clock menu more-arrow no yes mobile

Filed under:

Missouri-Delaware State: The horror...the horror

A whole bunch of people play as Missouri beats Delaware State before the opening kickoff

NCAA Football: Delaware State at Missouri
Marvin Zanders saw the most significant non-scrimmage action of his Missouri career, playing 26 snaps against Delaware State.
Denny Medley-USA TODAY Sports

If you were familiar with my work at the Columbia Daily Tribune you knew that, as part of my in-season coverage, I endeavored to provide snap counts for every Missouri player for every offensive and defensive snap that counted during the season.

If you were not...well, I just explained what this is in the last graf. You should have paid attention.

Anyway, I pored over the film of the Tigers’ fairly meaningless, yet still record-breaking, 79-0 win over Delaware State (the FCS bug to the Tigers’ windshield) to see who Missouri used on offense and defense, how often and in what ways. Then I tried to gather it in a way that wouldn’t bore you too terribly.

Did I fail? Did I succeed? I suppose that’s up for history to decide.

Here we go...



Drew Lock – 51

Marvin Zanders -- 26



Ish Witter – 34

Damarea Crockett – 29

Ryan Williams -- 14



Tyler Hanneke – 33

Jason Reese22

Kendall Blanton – 12


Tight End

Kendall Blanton – 3

Tyler Hanneke -- 1

Jason Reese – 1


Wide Receiver

J’Mon Moore – 43

Emanuel Hall – 32

Dimetrios Mason – 31

Johnathon Johnson – 24

Chris Black22

Richaud Floyd – 21

DeSean Blair -- 14

Keyon Dilosa – 12

Jake Brents -- 11

Eric Laurent11

Steven Spadarotto -- 7

Jason Reese – 4

Kendall Blanton -- 3

Tyler Hanneke -- 1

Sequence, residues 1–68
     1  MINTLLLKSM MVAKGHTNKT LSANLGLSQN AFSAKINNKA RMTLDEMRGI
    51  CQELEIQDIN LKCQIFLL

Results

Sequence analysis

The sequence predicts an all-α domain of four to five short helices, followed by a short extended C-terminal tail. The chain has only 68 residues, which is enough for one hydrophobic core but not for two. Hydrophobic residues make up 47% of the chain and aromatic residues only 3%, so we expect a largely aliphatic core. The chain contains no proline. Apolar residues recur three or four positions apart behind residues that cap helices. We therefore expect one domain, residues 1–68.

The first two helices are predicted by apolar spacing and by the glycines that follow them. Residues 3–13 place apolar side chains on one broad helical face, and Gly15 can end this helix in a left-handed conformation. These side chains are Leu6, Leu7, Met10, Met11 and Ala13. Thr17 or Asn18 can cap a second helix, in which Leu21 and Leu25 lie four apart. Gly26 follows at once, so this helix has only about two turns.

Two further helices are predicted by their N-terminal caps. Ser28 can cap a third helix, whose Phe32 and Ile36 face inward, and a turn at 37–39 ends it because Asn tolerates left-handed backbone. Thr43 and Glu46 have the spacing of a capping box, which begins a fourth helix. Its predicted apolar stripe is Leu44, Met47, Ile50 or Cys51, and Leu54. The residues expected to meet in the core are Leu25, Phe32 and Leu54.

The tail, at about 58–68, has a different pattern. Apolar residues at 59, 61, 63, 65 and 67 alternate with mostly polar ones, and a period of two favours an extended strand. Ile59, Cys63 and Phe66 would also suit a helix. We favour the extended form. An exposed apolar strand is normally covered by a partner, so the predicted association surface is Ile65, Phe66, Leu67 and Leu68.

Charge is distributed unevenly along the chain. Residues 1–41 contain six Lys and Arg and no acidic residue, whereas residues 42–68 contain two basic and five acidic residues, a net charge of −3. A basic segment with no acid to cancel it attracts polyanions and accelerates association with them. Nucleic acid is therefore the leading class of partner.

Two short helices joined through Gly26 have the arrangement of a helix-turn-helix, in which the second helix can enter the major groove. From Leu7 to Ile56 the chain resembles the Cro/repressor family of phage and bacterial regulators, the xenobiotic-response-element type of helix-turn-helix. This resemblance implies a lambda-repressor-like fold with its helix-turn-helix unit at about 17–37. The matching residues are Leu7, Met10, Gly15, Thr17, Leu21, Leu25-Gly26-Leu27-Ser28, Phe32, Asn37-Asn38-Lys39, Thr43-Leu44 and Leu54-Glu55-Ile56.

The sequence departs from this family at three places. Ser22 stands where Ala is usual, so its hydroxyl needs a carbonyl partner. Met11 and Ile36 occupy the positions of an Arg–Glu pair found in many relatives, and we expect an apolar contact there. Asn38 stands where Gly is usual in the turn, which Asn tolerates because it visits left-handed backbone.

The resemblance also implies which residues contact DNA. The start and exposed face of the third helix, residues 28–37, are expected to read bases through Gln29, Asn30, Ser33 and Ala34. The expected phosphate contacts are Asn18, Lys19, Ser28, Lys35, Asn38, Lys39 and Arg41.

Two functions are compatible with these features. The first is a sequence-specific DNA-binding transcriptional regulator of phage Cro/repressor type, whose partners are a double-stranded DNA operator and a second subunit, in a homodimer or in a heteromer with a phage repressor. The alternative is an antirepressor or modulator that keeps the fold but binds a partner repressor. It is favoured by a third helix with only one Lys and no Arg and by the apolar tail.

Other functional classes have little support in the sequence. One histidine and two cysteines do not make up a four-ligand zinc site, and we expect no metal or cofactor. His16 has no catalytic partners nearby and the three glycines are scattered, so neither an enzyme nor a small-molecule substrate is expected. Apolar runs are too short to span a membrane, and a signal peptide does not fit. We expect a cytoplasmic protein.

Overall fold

Adam Ploudre – 69

Kevin Pendleton – 46

Paul Adams – 41

Tyler Howell – 41

Tre’Vour Simms -- 36

Alec Abeln32

AJ Harris -- 31

Jonah Dubinski – 28

Kyle Mitchell -- 28

Michael Stannard17

Thomas Grossman – 8

Adam Roland -- 8



Jordan Harold – 18

Charles Harris17

Spencer Williams12

Marcell Frazier – 10

Josh Moore -- 2



Josh Augusta – 30

Terry Beckner -- 23

Rickey Hatley18

A.J. Logan18

Markell Utsey – 13

Tyrell Jacobs -- 6


Rush End

Jordan Harold -- 14

Marcell Frazier – 13

Charles Harris10

Spencer Williams8

Josh Moore -- 4



Donavin Newsom -- 36

Brandon Lee – 29

Cale Garrett -- 28

Michael Scherer23

Joey Burkett22

Eric Beisel3

Grant Jones – 3

Jacob Trump -- 3



Greg Taylor -- 15



John Gibson -- 36

Aarion Maxey-Penton – 28

DeMarkus Acy – 17

T.J. Warren – 13

Christian Holmes8

Anthony Hines3

Finis Stribling IV -- 3



Thomas Wilson -- 47

Cam Hilton – 40

Anthony Sherrils15

Brock Bondurant -- 3

Tavon Ross -- 3

Offensive Set Success


Run: 37 for 263 (7.11 avg.), 5 TD

Pass: 20-of-28, 289 yards (10.3 avg.), 5 TD

Total: 65 plays, 552 yards (8.49 avg.), 10 TD



Pass: 6-of-8, 105 yards (13.1 avg.)



Run: 1 for 6

Pass: 1-of-1, 21 yards

Total: 2 plays, 27 yards (13.5 avg.)


Corey Fatony = Drew Lock

Pass: 1-of-1, 11 yards



Pass: 1-of-1, 4 yards, TD



Kneel: 1 for -1

Defensive Set Success


Run: 9 for 21 (2.33 avg.)

Pass: 4-of-9, 33 yards (3.67 avg.), INT

Sack: 1 for -3

Total: 19 plays, 51 yards (2.68 avg.), INT



Run: 5 for 9 (1.80 avg.)

Pass: 6-of-9, 49 yards (5.44 avg.), INT

Sack: 1 for -6, fumble recovery

Total: 15 plays, 52 yards (3.47 avg.), INT, fumble recovery



Run: 7 for 28 (4.00 avg.)

Pass: 1-of-6, 4 yards (0.67 avg.)

Sack: 1 for -2

Total: 14 plays, 30 yards (2.14 avg.)



Run: 2 for -3 (-1.50 avg.), fumble recovery

Pass: 1-of-4, 10 yards (2.50 avg.)